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  #13  
Old 02-03-2011, 03:36 PM
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Join Date: Oct 2007
Location: Mountians of SW NC, near Asheville
Posts: 1,596
Re: Starting From Scratch - Reloading Equipment Needed

Everyone likes to point a new guy towards what they "use"; I don't. What I use can easily be duplicated with any of several other brands or models and I know it. Many people spend far more on prestige tools than they will ever see any advantage from.

I've been doing this stuff a looong time and have used a LOT of different tools, enough to know that unless a rifle - and shooter - are capabile of sub .5 MOA accuracy, the brand/model of press, dies, etc, really doesn't make any average difference on targets. Few new - or old - guys can do that well, never mind better! I've used and measured the results of a lot of dies in a lot of cartridges and all brands (except Dillon) and can assure you that there is as much difference between individual dies of the same brand as there is between brands. That's true of comparable model presses, etc, too.

Do a web search for "Dan Newberry OCW system" and take a look at the list of "tools" on the left side of his home page. He not only lists the tools actually needed for accurate reloading. I don't fully agree with him item by item but you sure won't go wrong with what he suggests. (Well, I would suggest you get a Lee Classic Cast press instead of the RCBS Partner since you plan to load some really big cases.) Dan correctly addresses some popular but frivilous/costly tools too. And read how he does quick and accurate load development with the "Optimum Charge Method" as well.

All any digital scale or dumpster can add to a loading session is a bit of "saved" time and not a lot of that. Such electronic gadgets are costly and using them sure won't show any effect at the range. Get any common beam scale and know that it not only will be highly accurate and sensitive but, unless you physically damage it, it will last forever with no loss of effectiveness.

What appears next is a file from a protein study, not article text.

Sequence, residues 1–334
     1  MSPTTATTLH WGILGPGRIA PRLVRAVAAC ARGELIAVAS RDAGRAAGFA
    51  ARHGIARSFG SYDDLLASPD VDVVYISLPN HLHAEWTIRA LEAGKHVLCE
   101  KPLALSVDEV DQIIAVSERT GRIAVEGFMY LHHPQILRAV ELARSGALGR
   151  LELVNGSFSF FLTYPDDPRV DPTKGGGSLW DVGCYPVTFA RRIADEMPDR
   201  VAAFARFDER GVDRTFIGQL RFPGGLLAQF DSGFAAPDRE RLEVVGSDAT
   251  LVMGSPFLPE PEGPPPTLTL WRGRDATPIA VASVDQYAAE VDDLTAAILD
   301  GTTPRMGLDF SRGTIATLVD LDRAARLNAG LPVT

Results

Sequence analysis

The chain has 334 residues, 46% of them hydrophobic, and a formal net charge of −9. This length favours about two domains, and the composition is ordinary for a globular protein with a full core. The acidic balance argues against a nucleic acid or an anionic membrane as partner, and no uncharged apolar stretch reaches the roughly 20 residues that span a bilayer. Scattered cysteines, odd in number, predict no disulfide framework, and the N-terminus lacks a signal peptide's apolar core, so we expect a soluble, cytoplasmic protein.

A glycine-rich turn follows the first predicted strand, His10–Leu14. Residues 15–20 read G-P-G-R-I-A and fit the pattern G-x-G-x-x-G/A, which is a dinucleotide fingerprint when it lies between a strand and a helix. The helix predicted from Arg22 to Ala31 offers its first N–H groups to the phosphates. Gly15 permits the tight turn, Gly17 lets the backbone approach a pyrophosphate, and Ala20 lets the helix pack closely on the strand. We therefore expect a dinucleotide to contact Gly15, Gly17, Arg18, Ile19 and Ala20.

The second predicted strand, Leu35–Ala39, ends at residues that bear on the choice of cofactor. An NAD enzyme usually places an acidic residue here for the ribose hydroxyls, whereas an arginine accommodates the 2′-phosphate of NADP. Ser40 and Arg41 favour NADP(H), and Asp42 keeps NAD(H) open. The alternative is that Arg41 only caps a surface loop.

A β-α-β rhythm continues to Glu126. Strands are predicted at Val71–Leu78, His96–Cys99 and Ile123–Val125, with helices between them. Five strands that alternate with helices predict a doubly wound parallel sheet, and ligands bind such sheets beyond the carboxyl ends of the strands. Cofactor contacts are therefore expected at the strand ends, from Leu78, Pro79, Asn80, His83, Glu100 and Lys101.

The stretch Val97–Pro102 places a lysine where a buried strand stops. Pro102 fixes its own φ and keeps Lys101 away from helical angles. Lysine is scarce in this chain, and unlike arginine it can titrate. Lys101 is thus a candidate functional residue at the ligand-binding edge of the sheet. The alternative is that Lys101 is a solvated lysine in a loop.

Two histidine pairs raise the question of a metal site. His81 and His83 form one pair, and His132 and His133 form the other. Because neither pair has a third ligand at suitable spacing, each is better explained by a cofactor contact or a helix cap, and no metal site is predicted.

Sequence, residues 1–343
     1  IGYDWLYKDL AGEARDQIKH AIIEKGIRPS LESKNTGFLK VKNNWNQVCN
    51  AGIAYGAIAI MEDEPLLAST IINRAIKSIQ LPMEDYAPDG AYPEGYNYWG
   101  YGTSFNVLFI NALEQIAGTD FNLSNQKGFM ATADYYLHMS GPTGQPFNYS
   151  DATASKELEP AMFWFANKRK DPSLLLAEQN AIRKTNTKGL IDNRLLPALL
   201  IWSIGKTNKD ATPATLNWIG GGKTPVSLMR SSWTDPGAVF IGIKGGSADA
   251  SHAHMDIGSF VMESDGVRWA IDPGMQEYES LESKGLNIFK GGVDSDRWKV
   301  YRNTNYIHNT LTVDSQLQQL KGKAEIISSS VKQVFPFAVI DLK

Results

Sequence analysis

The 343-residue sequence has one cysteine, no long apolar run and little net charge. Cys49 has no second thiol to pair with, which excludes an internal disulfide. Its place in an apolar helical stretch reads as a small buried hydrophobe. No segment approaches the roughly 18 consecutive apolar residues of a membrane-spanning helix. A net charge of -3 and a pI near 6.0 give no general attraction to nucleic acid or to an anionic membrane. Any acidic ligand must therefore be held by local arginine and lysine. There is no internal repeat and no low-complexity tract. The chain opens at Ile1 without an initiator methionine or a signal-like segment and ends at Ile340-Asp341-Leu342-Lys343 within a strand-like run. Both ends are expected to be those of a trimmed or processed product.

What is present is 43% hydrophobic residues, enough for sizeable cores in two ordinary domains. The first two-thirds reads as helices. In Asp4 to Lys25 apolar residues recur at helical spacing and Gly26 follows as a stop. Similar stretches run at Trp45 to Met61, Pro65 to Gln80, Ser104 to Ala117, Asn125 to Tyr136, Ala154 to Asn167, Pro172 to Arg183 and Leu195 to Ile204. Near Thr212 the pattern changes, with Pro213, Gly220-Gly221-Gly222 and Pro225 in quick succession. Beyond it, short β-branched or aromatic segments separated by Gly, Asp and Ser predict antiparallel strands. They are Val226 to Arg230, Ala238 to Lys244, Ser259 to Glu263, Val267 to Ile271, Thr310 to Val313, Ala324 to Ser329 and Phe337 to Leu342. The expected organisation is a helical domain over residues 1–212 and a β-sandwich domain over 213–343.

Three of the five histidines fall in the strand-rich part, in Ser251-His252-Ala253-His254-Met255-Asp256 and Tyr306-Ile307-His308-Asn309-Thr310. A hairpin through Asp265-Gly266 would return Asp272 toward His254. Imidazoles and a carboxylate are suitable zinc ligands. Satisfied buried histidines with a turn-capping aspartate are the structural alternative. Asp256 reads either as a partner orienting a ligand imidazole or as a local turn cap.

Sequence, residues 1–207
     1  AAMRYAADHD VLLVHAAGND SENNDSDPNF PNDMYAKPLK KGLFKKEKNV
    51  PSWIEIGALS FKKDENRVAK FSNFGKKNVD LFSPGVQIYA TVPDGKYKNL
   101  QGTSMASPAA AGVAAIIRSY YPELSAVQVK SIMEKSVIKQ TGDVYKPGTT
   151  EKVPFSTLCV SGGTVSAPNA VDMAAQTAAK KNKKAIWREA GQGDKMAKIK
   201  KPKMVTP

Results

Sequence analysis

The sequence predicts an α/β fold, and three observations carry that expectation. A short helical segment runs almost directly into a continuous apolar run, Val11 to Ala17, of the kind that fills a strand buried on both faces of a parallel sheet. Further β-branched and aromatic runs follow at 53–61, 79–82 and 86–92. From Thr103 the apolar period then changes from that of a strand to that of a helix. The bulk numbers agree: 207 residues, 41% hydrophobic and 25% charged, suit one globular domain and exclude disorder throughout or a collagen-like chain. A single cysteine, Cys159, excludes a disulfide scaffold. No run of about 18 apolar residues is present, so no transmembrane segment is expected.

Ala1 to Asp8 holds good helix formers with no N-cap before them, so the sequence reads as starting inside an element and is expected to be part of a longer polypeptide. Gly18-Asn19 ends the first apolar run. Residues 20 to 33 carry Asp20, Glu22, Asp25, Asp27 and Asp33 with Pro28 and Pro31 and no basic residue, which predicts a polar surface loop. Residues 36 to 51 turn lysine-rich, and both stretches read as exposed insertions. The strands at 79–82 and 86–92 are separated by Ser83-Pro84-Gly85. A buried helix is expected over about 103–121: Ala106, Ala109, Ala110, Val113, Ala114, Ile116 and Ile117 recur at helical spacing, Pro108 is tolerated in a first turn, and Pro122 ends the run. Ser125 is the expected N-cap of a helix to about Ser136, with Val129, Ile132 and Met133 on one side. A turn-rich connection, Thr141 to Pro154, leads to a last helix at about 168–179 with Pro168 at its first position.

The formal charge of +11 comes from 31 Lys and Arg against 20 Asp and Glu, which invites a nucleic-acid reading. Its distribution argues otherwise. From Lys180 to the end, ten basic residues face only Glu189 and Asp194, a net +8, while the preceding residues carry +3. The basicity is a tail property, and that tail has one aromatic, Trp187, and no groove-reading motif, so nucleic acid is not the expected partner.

Last edited by boomtube; 02-03-2011 at 03:46 PM.
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  #14  
Old 02-04-2011, 12:35 PM
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Join Date: Jun 2010
Location: greenwood, IN
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Re: Starting From Scratch - Reloading Equipment Needed

locate a Rockchucker, a Redding and a few others, and try full length sizing with the same die set. Some presses are easier for some to work with than others. I use two different presses for different operations. An RCBS and a Forster. The only thing I do with the RCBS is with some case rework operations that are much easier with an O frame press. I can full length size .300 mag brass with two fingers all day long while watching a ball game on the TV with the Forster. As I said big cases become a chore after awhile, and are very hard on presses. I've been using my Forster since the summer of 1978, and when I finally croak, I expect to still be using it.

If you have to have a beam scale, then buy a Ohaus 304. The rest are toys. But for a fraction of the money you can buy a good electronic scale that's much more accurate. The best measurer is a Belding & Mull or a Jones or Harrell. The B&M is long outta business, but it's the one for cutting long grained powders. The Jones is very good, but not really anybetter than a Harrell Culver, and a Harrell Culver is no better than a Lyman #55 with a Culver insert. And the Culver insert is maybe .05 grain better in repeatability. If ball powders are your game the Lyman will go +-.12 of a grain all day long, and a good one will do .07 of a grain all day long. The #55 is cheap, and you pretty much gotta spend twice that to get one as good. You can buy the Lyman with the bottle adapter and a couple drop tubes for about the same price as a Redding 3BR in the box. The Lyman is better. Then you buy a Pact electronic scale for another $85, and you have a more usable outfit than the Harrell or Jones (they work best with fine grained powders at 45 grains or less)

The best seaters out there (threaded die) are from Forster. This is proven out almost daily. A Wilson seater is only slightly better. The Redding neck sizer is probably the best because it uses Wilson bushings ( a Forster uses Forster bushings); otherwise they are the same quality. The sizer ball on a Forster is in a better location than the others, and usually necks will be straiter.
gary